Southern California’s Recovery Attracts More Real Estate Investment Capital
By Brad Hall and Richard H. Klein
The Los Angeles basin is experiencing an economic recovery with significant impact on the commercial real estate markets. What’s different this time around is that the flow of capital into real estate is led by institutional investors and pension funds.
Domestic and foreign pension funds, real estate investment trusts (REIT’s), and mutual funds are looking for opportunities to make equity investments in Southern California real estate. Insurance companies and banks are interested in debt financing, as are Wall Street firms through securitization and conduits. And opportunity funds want a piece of the action through participating and mezzanine debt financing. The targets of these diverse investors and lenders include single assets, portfolios of assets, real estate operating companies, small REITs, and real estate owned (REO) – assets taken over by lenders as the result of foreclosure proceedings or borrowers deeding the properties to lenders.
With the increased ability of real estate companies to raise capital in the public and private capital markets, more capital has become available for investment in Southern California and other commercial-property markets around the country. Recent capital markets transactions illustrate this trend:
– Essex Property Trust received a $40 million capital infusion from Tiger/Westbrook, which Essex Property will use to reduce debt and acquire properties in Southern California and selected West Coast markets.
– Spieker Properties LP (SPK) received a $200 million investment in medium term notes from Fitch Investors Service, thus enabling SPK to repay debt and acquire and develop new properties.
– Carr America Realty Corporation announced a plan to make a $200 million public offering to repay indebtedness and facilitate acquisition of office properties.
– Security Capital announced plans to raise $250 million in an equity offering, for purchasing up to $132 million of shares in Regency Realty Corporation. Regency will use the funding to finance acquisition and development and investment opportunities, which is expected to include California.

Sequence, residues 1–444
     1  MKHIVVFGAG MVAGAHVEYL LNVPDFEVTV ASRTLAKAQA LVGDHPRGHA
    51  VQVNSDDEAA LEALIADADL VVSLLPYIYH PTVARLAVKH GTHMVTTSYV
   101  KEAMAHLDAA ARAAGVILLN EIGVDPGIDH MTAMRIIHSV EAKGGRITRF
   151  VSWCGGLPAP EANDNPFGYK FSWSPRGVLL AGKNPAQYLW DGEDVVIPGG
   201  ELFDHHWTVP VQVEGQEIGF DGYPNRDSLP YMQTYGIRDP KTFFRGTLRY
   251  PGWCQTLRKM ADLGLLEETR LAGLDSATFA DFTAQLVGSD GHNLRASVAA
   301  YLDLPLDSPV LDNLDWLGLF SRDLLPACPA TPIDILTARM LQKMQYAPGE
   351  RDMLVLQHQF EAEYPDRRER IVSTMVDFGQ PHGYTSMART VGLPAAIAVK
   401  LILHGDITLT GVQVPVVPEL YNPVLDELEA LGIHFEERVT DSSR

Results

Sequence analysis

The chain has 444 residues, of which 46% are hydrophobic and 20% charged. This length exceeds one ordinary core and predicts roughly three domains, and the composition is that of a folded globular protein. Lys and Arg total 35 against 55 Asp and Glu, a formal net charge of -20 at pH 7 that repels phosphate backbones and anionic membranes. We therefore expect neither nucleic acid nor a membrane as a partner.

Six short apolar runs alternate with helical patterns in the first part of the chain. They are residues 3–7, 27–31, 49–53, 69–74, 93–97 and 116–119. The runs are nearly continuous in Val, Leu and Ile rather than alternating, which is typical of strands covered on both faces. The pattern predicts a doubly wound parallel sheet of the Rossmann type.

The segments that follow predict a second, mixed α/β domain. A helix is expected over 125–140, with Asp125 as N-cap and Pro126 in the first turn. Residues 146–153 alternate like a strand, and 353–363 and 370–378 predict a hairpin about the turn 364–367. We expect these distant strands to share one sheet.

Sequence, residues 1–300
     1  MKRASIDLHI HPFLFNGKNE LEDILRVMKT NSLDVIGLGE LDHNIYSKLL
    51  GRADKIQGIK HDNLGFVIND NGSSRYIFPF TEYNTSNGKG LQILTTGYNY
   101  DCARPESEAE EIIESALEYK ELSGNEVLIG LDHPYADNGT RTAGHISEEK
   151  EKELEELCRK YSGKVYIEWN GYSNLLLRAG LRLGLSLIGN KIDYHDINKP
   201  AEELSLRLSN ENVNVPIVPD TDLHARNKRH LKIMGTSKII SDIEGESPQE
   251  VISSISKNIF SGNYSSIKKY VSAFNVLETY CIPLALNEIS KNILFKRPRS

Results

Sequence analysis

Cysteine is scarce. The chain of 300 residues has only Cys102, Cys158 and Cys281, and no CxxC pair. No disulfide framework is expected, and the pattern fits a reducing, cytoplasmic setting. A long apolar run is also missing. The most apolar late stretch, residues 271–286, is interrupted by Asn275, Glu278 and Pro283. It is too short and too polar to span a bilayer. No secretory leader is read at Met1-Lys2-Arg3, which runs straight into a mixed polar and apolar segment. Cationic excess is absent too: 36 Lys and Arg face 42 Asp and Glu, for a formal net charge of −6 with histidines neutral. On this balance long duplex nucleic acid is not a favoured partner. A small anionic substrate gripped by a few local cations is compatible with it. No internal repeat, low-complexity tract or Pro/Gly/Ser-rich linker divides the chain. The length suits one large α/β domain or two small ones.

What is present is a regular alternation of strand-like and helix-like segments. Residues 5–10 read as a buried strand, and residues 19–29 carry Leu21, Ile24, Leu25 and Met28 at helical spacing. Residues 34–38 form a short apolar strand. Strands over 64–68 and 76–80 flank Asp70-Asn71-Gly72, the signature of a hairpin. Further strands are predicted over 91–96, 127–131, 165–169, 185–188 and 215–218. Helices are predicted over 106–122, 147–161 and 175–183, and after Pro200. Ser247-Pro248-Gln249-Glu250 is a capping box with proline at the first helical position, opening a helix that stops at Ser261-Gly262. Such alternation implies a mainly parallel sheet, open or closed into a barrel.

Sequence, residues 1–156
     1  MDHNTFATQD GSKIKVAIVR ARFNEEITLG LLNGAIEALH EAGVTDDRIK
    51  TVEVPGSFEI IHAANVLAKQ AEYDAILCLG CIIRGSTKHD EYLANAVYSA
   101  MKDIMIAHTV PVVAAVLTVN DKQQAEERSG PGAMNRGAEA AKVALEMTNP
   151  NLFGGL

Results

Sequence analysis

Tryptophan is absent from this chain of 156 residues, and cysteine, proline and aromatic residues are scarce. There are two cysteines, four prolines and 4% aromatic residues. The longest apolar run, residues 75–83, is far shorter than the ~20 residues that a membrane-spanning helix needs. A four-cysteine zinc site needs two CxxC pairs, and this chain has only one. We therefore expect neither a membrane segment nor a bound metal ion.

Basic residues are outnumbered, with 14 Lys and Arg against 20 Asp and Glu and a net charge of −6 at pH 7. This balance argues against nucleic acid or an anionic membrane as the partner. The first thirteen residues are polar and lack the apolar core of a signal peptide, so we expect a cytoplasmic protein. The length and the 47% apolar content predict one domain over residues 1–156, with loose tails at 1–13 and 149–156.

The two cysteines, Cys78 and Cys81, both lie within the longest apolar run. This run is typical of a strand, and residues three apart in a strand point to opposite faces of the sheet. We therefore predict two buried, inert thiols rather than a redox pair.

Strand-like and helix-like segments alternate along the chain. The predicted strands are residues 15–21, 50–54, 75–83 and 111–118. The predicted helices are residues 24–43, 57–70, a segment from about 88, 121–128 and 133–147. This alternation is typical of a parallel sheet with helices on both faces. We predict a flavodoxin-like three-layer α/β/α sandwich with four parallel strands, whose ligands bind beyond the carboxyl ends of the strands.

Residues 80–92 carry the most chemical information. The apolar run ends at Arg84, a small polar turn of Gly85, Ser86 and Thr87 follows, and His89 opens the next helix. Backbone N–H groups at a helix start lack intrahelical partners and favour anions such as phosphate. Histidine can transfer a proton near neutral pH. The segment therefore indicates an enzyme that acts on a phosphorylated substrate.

– TriNet Corporate Realty Trust, Inc. 1996 raised its California portfolio to 18 properties by acquiring a four building, R & D facility and a second office R & D property, both in Silicon Valley.
In Southern California, the hottest geographic markets for investment include West Los Angeles, Century City, Santa Monica, Marina del Rey, and Beverly Hills; the Tri-Cities (Burbank, Glendale, and Pasadena); Woodland Hills, and Orange County.
Among property types, demand is strongest for warehouse and distribution properties. An oversupply of this type of space is abating. Owner/user prices remain higher than investor prices in most markets. REITs are actively pursuing development as well as acquisition opportunities. Institutional debt sources will lend at competitive rates on well-established industrial properties. Limited speculative development is occurring in Orange, San Bernardino, and Riverside counties.
Competitive industrial prices will continue to attract investor interest because of Southern California’s growing trade with the Pacific Rim and increased investment in port infrastructure. Approximately 30 percent of the $400 billion economy of metropolitan Los Angeles depends on global trade. The ports of Long Beach and Los Angeles plan to invest $4 billion on expansion programs over the next 25-years, the largest such investment in the nation. Increased trade through the ports will create additional 700,000 jobs in Southern California by 2020.
Prices of suburban office prices have begun to recover, mainly because of increased demand from the entertainment industry, a prime space user in certain locations. The largest increases in prices and rents have been in Beverly Hills, West Los Angeles, the Tri-Cities and other markets that are leading the recovery. In some markets, however, investors continue to find opportunities to acquire properties for substantially less than replacement costs. Institutional capital is seeking investments in higher quality suburban properties. Limited capital is available for investment in lower-quality properties, but yield requirements remain high.